Examples of clinically relevant treatment effect heterogeneity include adjuvant chemotherapy with oxaliplatin in patients with stage III colon cancer, which has been shown to improve survival in patients with a median age of 60 years [21], but may not do so in patients above age 75 years [22], and the primary prevention of myocardial infarction with low-dose aspirin in men [23], but not women [24].

Treatment effect heterogeneity has consequences for the estimation of overall treatment effects. If the effect of treatment with beta agonists is more pronounced in those with severe asthma, the proportion of patients with severe asthma in the study population will influence the estimation of any overall treatment effect (Fig. 3). The overall treatment effect in the population will be a weighted average of the treatment effect in those patients with severe asthma and those patients with less severe asthma. The ability to define the population studied (e.g. a population in which the prevalence of severe asthma is 20%) becomes essential and is a critical component of principled ‘causal inference’.[25-27] Our focus herein will be on the relative risk (RR). Homogeneous RRs generally imply treatment effect heterogeneity on the risk difference scale if the treatment has an effect and vice versa.

image

Figure 3. Numerical example for confounding and treatment effect heterogeneity. Hypothetical example of beta agonists and asthma mortality with treatment effect heterogeneity (in addition to confounding, it is possible to construct scenarios without confounding [28], but such a scenario would be implausible for our asthma example); the treatment is not effective in preventing asthma mortality in those with less severe asthma [X = 0; relative risk (RR) = 1], whilst being very effective in those with severe asthma (X = 1; RR = 0.25).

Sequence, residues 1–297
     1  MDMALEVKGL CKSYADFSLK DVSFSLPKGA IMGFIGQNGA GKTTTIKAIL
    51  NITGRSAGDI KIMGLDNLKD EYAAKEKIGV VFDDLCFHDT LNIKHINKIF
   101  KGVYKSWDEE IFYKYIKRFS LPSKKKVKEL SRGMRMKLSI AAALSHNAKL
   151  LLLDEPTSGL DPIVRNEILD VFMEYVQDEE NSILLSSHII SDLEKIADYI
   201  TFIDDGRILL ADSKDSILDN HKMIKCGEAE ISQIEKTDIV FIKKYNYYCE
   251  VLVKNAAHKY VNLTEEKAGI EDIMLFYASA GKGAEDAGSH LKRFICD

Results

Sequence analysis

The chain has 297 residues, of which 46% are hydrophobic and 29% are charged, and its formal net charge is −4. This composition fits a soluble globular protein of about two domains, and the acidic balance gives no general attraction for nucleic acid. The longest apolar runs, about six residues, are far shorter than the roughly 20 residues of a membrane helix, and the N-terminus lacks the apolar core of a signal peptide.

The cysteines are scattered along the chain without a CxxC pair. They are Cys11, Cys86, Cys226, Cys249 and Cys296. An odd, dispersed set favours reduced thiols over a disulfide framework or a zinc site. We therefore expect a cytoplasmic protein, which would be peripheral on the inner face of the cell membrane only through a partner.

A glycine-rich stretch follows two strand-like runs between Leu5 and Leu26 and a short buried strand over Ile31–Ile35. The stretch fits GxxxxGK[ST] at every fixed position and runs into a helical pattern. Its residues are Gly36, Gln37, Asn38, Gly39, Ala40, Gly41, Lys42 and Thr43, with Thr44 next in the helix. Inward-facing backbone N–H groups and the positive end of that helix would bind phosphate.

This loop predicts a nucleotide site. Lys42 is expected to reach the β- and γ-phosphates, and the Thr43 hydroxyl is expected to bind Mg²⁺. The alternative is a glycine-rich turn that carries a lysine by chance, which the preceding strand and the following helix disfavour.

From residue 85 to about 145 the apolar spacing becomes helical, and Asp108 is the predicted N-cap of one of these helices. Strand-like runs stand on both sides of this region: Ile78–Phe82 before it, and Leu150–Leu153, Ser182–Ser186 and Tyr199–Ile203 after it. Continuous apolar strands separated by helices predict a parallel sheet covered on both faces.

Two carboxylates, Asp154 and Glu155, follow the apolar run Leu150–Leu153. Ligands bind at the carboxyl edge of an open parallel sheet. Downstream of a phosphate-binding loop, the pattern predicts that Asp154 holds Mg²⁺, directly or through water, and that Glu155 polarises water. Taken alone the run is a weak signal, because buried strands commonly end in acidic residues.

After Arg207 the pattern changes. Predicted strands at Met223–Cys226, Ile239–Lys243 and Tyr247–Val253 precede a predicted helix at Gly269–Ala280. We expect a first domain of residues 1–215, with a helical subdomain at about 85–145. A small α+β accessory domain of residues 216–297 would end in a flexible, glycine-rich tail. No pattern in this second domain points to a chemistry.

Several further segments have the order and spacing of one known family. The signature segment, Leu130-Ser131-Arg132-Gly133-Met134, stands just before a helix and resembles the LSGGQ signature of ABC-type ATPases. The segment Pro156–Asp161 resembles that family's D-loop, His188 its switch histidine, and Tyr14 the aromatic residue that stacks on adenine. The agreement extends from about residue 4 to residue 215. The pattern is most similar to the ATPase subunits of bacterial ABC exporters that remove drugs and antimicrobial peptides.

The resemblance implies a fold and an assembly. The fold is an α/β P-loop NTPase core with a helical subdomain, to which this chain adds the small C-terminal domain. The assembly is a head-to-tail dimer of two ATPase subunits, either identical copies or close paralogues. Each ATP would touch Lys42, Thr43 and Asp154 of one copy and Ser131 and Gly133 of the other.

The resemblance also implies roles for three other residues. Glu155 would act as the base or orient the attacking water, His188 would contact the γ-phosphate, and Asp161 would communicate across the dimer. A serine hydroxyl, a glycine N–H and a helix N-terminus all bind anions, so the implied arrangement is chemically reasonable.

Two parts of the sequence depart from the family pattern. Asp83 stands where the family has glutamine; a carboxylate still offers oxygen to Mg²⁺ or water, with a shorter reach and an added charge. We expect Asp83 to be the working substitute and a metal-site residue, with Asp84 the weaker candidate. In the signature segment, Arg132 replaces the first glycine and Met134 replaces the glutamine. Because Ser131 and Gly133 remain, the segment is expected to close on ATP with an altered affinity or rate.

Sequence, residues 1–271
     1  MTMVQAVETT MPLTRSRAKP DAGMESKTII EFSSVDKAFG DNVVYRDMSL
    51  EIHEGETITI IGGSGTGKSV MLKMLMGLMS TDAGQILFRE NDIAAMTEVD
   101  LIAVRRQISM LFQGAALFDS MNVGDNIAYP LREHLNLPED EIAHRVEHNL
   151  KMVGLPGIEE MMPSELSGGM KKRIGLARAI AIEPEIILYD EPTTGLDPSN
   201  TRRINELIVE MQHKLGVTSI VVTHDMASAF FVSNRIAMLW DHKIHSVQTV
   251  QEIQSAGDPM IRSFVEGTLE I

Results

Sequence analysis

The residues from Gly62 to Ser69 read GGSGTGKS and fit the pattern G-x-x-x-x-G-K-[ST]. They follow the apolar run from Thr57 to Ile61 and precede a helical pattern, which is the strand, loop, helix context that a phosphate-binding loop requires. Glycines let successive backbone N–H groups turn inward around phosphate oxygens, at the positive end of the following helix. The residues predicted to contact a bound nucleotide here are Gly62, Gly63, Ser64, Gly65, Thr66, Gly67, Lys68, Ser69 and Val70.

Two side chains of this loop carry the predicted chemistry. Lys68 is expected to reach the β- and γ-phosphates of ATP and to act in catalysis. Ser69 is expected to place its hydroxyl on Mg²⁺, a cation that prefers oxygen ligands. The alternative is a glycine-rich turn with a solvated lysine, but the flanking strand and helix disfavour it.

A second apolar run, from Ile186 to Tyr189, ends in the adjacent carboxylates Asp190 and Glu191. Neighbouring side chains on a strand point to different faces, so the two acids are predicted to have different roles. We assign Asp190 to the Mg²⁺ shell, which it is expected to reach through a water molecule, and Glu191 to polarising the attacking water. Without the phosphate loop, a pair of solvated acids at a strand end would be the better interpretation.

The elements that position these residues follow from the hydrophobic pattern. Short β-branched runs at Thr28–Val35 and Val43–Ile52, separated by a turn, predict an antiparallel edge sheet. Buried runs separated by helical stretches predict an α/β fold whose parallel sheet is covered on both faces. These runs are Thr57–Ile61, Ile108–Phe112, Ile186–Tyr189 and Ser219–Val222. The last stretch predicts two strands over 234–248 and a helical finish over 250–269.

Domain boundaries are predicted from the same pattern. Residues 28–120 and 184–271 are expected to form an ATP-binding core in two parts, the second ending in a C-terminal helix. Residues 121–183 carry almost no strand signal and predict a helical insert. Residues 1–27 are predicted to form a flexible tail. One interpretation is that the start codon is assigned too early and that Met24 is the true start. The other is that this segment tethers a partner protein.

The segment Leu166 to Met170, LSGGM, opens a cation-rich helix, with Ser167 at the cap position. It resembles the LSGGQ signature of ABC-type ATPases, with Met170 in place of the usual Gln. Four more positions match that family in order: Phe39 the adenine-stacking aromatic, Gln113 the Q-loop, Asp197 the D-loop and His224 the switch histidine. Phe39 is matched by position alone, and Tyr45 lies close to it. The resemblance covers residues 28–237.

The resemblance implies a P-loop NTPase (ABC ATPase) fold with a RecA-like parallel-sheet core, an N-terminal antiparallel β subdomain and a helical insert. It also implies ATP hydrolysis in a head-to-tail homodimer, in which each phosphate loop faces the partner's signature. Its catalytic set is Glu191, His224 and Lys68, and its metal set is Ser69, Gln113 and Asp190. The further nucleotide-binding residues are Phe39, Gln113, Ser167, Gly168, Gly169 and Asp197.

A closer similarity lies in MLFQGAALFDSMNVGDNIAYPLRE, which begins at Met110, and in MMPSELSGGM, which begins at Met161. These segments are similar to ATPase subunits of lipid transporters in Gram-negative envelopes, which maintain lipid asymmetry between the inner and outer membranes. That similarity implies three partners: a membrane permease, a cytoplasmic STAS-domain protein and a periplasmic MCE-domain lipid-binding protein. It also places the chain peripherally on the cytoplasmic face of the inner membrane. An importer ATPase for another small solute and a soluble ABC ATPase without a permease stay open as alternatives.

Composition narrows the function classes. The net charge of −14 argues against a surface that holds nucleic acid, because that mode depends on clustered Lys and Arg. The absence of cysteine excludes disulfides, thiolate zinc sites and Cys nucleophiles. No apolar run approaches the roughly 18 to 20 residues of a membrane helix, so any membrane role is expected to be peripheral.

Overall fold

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Propensity scores

  1. Top of page
  2. Abstract
  3. Variability in treatment decisions
  4. Confounding
  5. Treatment effect heterogeneity
  6. Propensity scores
  7. Recommendations
  8. Conflict of interest statement
  9. Funding
  10. References

Theory

The PS is a covariate summary score defined as the individual probability of treatment (exposure) given (conditional on) all confounders [6]. In our example, 50% of those with severe asthma receive beta agonists, so every patient with severe asthma will have a PS of 0.5 whether or not the patient was actually treated. Whilst in practice there may be different covariate patterns that lead to a PS of 0.5, Rosenbaum and Rubin [6] proved that treated and untreated patients with the same PS value (e.g. treated patients with a PS of 0.5 and untreated patients with a PS of 0.5) will, on average, have the same distribution of covariates used to estimate the PS. Thus, by holding the PS constant (conditioning on the PS) treated and untreated cohorts will tend to be ‘exchangeable’ with respect to the covariates. Exchangeability, in return, leads to unconfounded estimates of treatment effects because it removes the arrow from the covariate(s) to the treatment (Fig. 1 above). Note that exchangeability is restricted to measured covariates whose relation to treatment is correctly modelled in the PS. We therefore need to assume no unmeasured confounding, which is much more plausible with randomization, another method to obtain exchangeability.

The ability to control for confounding using PSs is, in general, not different from what we would achieve using a more conventional multivariable outcome model [8], but the PS has some specific advantages outlined below. The PS also allows us to clearly define the study population in the presence of treatment effect heterogeneity, something that cannot be achieved using a conventional multivariable outcome model [28]. We will now provide a nontechnical description of PS estimation and implementation.

Estimation

The PS is usually estimated using multivariable logistic regression. The few published direct comparisons between logistic regression and other methods to estimate the PS (e.g. neural networks [29]; boosted CART [30, 31]) found that PS performs well in most settings. More recently, PS estimation methods based on optimizing balance have been proposed [32]. These are promising, but their performance and causal implications have not yet been thoroughly assessed. It is thus reasonable to use logistic regression to estimate PSs.

As with any model, mis-specification of the PS can lead to bias. An advantage of PSs is that we can check the performance of the model by assessing covariate balance across treatment groups after stratifying, matching, or weighting on the estimated PS (PS implementation discussed below). If covariate imbalances remain, the PS model can be refined, for example using less restrictive terms for continuous covariates (e.g. squared or cubic terms, fractional polynomials and splines) or by adding interaction terms between covariates.